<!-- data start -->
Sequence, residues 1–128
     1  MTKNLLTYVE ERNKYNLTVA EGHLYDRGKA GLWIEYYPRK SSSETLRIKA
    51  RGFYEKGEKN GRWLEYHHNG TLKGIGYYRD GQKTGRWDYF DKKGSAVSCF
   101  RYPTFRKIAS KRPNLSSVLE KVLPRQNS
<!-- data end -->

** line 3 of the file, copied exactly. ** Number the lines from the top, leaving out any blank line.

    51  RGFYEKGEKN GRWLEYHHNG TLKGIGYYRD GQKTGRWDYF DKKGSAVSCF